To gain a better understanding of how AI works in this specific case, we organized a one-hour webinar, where we will dig even deeper into how AI can be integrated in the energy sector, and help you understand better the magnitude of the revolution that it can bring. 

 

For this reason, we organized a one-hour webinar, where we will demystify wrong assumptions around AI, and discuss how it can be integrated in the energy sector in a practical, hype-free way.

 

 

 

References:

[1]: IPCC. Summary for Policymakers. 2014. ISBN 9789291691432. Doi: 10.1017/CBO9781107415324.

[2]  D. Bunn and E.D. Farmer. Comparative models for electrical load forecasting. John Wiley and Sons Inc.,New York, NY, Jan 1985.

[3]  Mohamed Ahmed. Short term wind speed estimation in Saudi Arabia. 128:37–53, 2014. doi: 10.1016/j.jweia.2014.02.007.

[4]  Shafiqur Rehman and Mohamed Mohandes. Artificial neural network estimation of global solar radiation using air temperature and relative humidity. 36:571–576, 2008. doi: 10.1016/j.enpol.2007.09.033.

[5]  A Azadeh, A Maghsoudi, and S Sohrabkhani. An integrated artificial neural networks approach for predicting global radiation. Energy Conversion and Management, 50(6):1497–1505, 2009. ISSN 01968904. doi: 10.1016/j.enconman.2009.02.019. URL http://dx.doi.org/ 10.1016/j.enconman.2009.02.019.

[6]  M A Behrang, E Assareh, A Ghanbarzadeh, and A R Noghrehabadi. The potential of different artificial neural network ( ANN ) techniques in daily global solar radiation modeling based on meteorological data. Solar Energy, 84(8):1468–1480, 2010. ISSN 0038-092X. doi: 10.1016/j. solener.2010.05.009. URL http://dx.doi.org/10.1016/j.solener.2010.05. 009.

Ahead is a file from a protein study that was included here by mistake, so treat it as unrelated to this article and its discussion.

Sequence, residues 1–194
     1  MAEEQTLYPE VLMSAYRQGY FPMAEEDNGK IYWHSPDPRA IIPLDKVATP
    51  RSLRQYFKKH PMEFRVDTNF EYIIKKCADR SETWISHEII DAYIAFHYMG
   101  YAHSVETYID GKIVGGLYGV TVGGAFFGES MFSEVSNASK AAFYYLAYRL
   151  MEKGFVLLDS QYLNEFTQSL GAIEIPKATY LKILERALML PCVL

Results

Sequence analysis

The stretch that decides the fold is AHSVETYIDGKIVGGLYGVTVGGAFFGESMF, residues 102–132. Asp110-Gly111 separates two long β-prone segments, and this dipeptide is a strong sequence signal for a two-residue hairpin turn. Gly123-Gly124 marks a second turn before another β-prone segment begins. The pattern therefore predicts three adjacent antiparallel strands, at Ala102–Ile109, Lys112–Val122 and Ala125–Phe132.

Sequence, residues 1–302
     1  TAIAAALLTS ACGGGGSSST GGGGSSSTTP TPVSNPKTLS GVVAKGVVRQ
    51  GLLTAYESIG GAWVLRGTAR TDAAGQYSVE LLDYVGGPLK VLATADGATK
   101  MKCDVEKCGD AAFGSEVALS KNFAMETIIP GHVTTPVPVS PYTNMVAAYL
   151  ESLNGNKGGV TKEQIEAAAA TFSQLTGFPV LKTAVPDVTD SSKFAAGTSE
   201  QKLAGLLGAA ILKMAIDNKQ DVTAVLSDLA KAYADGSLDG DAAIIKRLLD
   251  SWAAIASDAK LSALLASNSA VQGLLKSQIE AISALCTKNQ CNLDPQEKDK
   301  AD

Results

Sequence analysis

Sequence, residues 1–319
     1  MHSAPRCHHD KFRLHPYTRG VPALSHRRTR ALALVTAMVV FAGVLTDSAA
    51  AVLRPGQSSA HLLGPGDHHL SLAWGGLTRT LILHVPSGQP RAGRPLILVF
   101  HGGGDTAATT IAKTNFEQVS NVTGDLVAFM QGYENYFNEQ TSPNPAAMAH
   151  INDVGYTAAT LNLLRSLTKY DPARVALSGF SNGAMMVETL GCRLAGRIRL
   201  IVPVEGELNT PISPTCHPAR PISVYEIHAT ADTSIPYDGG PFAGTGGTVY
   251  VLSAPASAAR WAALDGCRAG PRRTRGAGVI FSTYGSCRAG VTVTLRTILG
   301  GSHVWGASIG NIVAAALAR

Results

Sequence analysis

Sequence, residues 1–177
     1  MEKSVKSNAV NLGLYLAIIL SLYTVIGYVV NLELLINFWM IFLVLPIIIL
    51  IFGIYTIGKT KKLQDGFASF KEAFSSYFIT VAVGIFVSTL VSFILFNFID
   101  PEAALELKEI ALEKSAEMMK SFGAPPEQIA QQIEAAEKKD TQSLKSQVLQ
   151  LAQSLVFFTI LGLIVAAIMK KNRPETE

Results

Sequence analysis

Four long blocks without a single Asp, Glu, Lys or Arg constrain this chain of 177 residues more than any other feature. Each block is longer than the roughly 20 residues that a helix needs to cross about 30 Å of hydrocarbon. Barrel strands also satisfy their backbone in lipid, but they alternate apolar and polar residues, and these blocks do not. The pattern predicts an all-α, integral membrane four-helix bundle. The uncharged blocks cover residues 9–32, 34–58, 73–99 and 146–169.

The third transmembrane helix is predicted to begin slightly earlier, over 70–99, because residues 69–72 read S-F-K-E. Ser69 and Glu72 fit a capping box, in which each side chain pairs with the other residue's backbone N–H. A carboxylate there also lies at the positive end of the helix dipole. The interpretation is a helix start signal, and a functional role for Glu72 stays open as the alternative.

[7]  Betul Bektas Ekici. A least squares support vector machine model for prediction of the next day solar insolation for effective use of PV systems. MEASUREMENT, 50:255–262, 2014. ISSN 0263-2241. doi: 10.1016/j.measurement.2014.01.010. URL http://dx.doi.org/10.1016/ j.measurement.2014.01.010.

[8]  Sozen Adnan, Arcaklioglu Erol, Mehmet Ozalpa, and E. Galip Kanit. Use of artificial neural networks for mapping of solar potential in Turkey. 77:273–286, 2004. doi: 10.1016/S0306-2619(03)00137-5.

[9]  S. M. AI-Alawi AI-Hinai and H. A. An ANN-Based Approach for Predicting Global Radiation in Locations with No Direct Measurement Instrumentation . 14:199–204, 1998.

[10]  K S Reddy and Manish Ranjan. Solar resource estimation using artificial neural networks and comparison with other correlation models. 44:2519–2530, 2003. doi: 10.1016/S0196-8904(03)00009-8.

[11]  Soteris A. Kalogirou. Optimization of solar systems using artificial neural-networks and genetic algorithms. Applied Energy, 2004. ISSN 03062619. doi: 10.1016/S0306-2619(03)00153-3.

[12]  Aoife M Foley, Paul G Leahy, Antonino Marvuglia, and Eamon J Mckeogh. Current methods and advances in forecasting of wind power generation. Renewable Energy, 37(1):1–8, 2012. ISSN 0960-1481. doi: 10.1016/j.renene.2011.05.033. URL http://dx.doi.org/10.1016/j. renene.2011.05.033.

[13]  Mohamed A Mohandes and Shafiqur Rehman. A Neural Networks Approach for Wind Speed Prediction. pages 345–354, 1998.